# LET() it be! New Excel function to avoid formula duplication

There’s a new kid on the Excel function block and I’m sure it won’t have any problems finding others to play with. The function is  called LET() and can be used to define and assign a value to a variable. This variable can then be used multiple times within the braces of the LET() function.

Example:

Cell E2 has an XLookup function to return the value from B2:B4 for a match found in A2:A4. The formula goes like this:

 `=XLOOKUP(D2,A2:A4,B2:B4)` The cell with the result is empty, so the XLookup function returns a zero. That does not look nice and I’d rather see a “not found” instead of the zero. The approach for that is one that Excel users have been applying for many years: Wrap the formula in an IF() statement, test if the formula returns a zero and if it doesn’t repeat the formula.

This is what that looks like:

 `=IF(XLOOKUP(D2,A2:A4,B2:B4)=0,"not found",XLOOKUP(D2,A2:A4,B2:B4))` The result shows “not found”, but the formula repeats the XLookup calculation. With very long and complicated formulas, this approach has challenges. The calculation is duplicated, which can impact workbook performance when there are many formulas that use that approach. Also, when the formula needs to be changed, the changes must be made in each duplicate of the copy.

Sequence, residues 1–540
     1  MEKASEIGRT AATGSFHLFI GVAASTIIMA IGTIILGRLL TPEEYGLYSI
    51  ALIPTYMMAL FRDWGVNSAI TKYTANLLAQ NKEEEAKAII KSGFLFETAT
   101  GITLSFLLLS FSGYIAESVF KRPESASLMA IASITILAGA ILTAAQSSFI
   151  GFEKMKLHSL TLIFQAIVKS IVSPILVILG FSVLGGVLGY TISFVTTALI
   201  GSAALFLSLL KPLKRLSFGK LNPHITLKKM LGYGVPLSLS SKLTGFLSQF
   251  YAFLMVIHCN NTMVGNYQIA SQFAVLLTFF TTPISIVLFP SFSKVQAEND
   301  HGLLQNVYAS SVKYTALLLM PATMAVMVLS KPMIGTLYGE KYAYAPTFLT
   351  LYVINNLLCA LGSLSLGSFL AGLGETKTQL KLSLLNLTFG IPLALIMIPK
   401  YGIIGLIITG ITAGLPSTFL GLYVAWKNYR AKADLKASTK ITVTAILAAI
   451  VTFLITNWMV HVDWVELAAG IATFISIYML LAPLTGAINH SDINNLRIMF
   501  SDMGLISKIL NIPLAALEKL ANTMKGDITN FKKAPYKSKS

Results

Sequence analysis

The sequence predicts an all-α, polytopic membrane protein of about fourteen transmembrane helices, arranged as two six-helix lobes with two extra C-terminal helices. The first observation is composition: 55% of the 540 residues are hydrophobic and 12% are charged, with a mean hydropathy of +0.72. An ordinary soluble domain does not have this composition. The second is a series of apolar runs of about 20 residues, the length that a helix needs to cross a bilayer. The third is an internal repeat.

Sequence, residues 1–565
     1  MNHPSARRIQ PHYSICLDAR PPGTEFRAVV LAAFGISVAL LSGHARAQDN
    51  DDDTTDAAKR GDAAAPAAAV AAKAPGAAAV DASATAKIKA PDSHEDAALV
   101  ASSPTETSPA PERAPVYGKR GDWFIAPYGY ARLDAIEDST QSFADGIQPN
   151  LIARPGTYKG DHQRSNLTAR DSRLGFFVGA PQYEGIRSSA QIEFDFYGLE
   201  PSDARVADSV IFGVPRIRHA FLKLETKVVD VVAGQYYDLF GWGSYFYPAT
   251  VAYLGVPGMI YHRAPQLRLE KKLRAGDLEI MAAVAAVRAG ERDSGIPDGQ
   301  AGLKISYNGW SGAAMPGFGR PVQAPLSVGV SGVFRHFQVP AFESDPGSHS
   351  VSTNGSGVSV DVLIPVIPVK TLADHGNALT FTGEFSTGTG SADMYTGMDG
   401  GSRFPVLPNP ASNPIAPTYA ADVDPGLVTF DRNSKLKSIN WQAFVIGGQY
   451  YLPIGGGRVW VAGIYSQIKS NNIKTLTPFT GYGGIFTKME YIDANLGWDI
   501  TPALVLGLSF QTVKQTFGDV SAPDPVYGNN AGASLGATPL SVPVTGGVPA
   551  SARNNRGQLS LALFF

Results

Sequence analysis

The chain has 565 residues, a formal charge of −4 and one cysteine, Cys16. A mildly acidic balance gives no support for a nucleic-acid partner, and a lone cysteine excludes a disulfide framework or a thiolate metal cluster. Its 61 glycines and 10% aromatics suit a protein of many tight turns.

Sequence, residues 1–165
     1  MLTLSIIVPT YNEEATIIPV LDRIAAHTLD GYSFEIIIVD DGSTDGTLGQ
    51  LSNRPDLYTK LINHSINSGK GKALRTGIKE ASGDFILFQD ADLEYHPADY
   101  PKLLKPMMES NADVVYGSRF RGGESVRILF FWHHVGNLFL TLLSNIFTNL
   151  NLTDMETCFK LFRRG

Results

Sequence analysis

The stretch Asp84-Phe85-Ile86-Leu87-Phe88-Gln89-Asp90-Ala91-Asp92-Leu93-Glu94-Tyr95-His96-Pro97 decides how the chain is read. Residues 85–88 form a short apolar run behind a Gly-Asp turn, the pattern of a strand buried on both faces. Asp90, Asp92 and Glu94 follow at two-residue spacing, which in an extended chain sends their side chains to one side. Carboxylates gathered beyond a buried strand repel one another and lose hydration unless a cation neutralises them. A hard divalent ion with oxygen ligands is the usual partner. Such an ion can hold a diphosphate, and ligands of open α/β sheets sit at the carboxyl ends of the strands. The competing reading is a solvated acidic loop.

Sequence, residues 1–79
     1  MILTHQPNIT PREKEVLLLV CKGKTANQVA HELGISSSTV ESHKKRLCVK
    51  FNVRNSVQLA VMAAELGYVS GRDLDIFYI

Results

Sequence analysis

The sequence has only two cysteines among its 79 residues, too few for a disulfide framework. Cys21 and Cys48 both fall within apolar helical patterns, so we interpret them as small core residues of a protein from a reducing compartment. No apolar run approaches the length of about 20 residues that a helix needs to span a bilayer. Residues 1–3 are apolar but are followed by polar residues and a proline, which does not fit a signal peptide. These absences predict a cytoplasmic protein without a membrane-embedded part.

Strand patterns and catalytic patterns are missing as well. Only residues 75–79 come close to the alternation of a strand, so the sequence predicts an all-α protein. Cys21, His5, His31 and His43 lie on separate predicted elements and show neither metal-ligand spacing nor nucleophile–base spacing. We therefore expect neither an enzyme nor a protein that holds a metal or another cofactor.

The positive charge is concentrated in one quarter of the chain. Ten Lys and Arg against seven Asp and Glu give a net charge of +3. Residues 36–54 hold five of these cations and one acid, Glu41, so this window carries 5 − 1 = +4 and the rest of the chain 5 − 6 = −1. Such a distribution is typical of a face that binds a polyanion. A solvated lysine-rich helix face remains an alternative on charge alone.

The new LET() function removes both of these complications.

The first parameter is the name of a new variable, `MyResult`. The variable is assigned a value with the second parameter. This can be a constant, like a number or a text, or like in this case, a formula.

The third parameter is a calculation that can use the variable value.

 `=LET(MyResult,XLOOKUP(D2,A2:A4,B2:B4),IF(MyResult=0,"not found",MyResult))`

It’s also possible to assign several variables, for example like this:

 `=LET(A,25,B,4,A*B)`

As of writing this, the new LET() function is available in Insider builds of Office 365.

Read more details about the new LET() function and how you can get it in this Microsoft support article.

What will you do with the LET() function?

## One comment

1. Sandeep Kothari says:

LET reminds me of programming – VBA codes.

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